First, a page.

Are there any books that can teach a good/useful PHP framework to build an ecommerce site? Please recommend.


PHP 5 e-commerce Development starts by creating a simple MVC-style framework, then continues to teach you how to build an e-commerce system with PHP.

Effortless E-Commerce with PHP and MySQL teaches custom e-commerce development with PHP.

WordPress 2.9 E-Commerce shows how to use PHP, WordPress, and the WP-Commerce plugin to build an e-commerce site.

Joomla! E-Commerce with VirtueMart builds an e-commerce site using Joomla.

Drupal E-commerce with Ubercart 2.x demonstrates e-commerce site builds using Drupal.

Building PHP Applications with Symfony™, CakePHP, and Zend® Framework gives an overview of working with three popular PHP frameworks, with concepts that could be applied to developing a shop.

  • Since there are so many frameworks out there, which would you use to create a simple ecommerce site (complete with checkouts, users, etc)? Or would you just create it from scratch? – cfarm54 Jun 9 '11 at 17:25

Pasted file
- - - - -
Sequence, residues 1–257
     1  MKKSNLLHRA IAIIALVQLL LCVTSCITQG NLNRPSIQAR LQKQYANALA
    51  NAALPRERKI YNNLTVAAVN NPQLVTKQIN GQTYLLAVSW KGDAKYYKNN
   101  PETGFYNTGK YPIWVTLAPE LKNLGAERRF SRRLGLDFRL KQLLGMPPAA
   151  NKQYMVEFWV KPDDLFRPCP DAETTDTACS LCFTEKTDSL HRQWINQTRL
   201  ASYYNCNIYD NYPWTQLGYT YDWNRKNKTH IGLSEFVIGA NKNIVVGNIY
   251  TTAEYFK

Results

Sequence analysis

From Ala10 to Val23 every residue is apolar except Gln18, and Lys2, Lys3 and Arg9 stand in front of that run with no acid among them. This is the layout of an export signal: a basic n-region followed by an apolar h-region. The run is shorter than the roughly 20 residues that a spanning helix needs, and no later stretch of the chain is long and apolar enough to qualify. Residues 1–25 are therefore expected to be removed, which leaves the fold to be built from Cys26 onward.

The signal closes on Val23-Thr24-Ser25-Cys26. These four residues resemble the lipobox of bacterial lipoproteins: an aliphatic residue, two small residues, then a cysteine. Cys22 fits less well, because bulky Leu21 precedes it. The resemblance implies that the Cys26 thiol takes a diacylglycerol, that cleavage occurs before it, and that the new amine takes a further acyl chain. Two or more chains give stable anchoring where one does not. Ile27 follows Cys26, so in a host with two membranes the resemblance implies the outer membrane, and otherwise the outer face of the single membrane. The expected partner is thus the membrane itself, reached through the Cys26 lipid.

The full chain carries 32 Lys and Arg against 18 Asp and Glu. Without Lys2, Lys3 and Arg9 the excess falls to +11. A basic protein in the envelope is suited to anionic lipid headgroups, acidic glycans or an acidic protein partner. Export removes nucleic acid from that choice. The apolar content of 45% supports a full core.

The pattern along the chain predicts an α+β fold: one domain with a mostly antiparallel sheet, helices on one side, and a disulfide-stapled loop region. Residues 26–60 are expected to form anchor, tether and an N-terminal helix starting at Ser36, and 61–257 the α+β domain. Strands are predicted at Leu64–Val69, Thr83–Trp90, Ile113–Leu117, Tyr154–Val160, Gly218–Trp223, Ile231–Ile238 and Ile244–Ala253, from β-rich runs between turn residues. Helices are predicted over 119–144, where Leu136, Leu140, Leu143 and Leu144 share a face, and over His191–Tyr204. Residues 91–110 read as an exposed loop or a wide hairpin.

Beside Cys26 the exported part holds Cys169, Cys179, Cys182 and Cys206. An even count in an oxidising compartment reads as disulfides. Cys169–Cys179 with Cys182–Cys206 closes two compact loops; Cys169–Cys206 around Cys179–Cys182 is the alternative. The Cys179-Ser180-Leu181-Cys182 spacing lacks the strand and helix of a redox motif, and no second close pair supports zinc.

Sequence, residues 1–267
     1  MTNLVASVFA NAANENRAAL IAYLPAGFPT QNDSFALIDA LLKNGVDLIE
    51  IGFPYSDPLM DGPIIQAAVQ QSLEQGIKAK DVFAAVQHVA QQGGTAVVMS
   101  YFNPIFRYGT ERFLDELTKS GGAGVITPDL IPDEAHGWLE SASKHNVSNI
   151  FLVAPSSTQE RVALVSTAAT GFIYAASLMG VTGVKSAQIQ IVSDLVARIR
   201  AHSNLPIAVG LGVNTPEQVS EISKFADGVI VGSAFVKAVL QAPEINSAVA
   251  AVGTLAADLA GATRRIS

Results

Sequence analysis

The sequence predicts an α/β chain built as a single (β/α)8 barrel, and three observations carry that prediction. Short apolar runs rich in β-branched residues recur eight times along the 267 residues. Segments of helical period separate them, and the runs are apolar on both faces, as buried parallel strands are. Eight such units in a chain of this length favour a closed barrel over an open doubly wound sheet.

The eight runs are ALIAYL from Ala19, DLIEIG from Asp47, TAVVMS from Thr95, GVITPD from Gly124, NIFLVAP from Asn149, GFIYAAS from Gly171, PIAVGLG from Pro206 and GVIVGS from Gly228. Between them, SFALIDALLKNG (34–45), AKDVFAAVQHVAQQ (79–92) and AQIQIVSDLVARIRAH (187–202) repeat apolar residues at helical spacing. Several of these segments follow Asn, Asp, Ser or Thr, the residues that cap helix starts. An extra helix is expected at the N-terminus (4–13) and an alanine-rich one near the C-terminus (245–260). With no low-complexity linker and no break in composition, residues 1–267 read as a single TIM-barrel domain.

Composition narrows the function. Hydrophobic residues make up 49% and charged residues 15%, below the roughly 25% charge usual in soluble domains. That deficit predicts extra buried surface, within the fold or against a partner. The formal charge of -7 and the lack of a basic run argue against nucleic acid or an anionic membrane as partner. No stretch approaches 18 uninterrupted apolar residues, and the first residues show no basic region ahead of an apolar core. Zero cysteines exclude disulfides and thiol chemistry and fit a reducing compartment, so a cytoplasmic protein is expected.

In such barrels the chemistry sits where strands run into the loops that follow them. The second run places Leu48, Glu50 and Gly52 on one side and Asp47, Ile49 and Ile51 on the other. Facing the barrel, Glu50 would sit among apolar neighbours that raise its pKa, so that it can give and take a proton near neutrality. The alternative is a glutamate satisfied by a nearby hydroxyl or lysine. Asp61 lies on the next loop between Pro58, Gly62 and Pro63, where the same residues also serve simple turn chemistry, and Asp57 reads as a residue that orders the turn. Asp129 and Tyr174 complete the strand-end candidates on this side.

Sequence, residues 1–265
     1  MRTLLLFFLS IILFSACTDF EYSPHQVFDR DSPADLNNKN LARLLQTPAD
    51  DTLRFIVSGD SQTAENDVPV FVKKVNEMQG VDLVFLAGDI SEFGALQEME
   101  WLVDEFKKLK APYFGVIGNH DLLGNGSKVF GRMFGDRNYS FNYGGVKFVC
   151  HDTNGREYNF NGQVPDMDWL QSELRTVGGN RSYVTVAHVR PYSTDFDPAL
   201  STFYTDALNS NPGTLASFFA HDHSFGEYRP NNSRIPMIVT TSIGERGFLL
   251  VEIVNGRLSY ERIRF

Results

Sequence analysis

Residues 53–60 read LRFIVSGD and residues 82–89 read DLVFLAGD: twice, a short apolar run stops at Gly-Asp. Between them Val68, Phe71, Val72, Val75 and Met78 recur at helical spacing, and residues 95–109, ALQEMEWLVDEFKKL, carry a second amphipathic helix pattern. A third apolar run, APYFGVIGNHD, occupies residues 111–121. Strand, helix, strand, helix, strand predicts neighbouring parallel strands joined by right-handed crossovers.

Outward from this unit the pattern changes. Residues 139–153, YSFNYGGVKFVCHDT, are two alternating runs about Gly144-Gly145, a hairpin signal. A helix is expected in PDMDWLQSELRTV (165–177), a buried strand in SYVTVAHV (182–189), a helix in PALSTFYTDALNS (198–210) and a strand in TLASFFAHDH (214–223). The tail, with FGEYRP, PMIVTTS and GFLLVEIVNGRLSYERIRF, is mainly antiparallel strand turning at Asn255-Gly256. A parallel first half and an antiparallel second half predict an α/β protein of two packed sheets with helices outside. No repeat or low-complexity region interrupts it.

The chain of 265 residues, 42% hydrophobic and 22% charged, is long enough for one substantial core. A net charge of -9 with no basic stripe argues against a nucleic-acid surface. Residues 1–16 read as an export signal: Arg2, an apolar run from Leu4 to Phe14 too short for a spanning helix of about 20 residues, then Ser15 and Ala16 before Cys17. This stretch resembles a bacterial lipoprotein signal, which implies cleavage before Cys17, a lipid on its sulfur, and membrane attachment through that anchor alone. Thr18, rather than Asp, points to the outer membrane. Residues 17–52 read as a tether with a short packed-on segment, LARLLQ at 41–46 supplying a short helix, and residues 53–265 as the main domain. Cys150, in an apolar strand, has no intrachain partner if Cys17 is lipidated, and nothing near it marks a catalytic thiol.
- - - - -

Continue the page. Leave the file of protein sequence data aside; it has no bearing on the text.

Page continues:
• I've built online shops with WordPress, CodeIgniter, and custom PHP, and find doing it from scratch easiest. You code only what you need, have a better understanding of what every line does, and need not worry about the initial learning curve or inevitable code refactoring when YourFramework 3.0 comes out. – Nick Jun 9 '11 at 17:35
  • Thanks, is there a place that I can learn to do this with custom PHP? – cfarm54 Jun 9 '11 at 20:51

The Zend framework can help you with your project. A good book is "Zend Framework in Action". Get it here.

  • That's not a book. It's software. – John Conde Jun 8 '11 at 22:00
  • I also don't think it's a Framework, but since I'm new to php I could be wrong... – cfarm54 Jun 8 '11 at 22:26
  • Changed my answer to be more in line with the question asked. – Chris Ting Jun 8 '11 at 22:43

Any particular reason why you're looking for a framework to aid you with this task?

I'd say with the complexity of e-commerce applications (Yes, you can make a 'simple' one, but it's still going to be pretty complicated by the time you're done with frontend/backend, order management, payment gateways, etc etc) that you might want to consider possibly writing your own framework so you fully understand what your code is doing - this way you can also ensure what you're doing is 'secure' - which is pretty key when it comes to money changing hands.

Granted, Magento uses the Zend framework, but it's all heavily customized etc to be their own.

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